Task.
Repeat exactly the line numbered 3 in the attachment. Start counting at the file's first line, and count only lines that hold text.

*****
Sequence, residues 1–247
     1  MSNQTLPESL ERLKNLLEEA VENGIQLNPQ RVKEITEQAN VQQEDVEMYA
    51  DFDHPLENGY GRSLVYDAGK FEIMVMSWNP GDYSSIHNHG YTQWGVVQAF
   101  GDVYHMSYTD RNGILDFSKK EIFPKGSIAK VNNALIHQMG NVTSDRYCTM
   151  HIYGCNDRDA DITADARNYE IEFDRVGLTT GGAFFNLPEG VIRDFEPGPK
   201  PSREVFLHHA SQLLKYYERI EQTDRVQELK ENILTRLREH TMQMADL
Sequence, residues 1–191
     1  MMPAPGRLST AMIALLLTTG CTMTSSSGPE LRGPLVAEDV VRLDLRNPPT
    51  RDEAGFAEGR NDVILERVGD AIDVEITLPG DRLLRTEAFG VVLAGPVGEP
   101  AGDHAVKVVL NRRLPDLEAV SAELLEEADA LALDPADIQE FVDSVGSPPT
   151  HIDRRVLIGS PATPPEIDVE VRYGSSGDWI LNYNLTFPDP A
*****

    51  DFDHPLENGY GRSLVYDAGK FEIMVMSWNP GDYSSIHNHG YTQWGVVQAF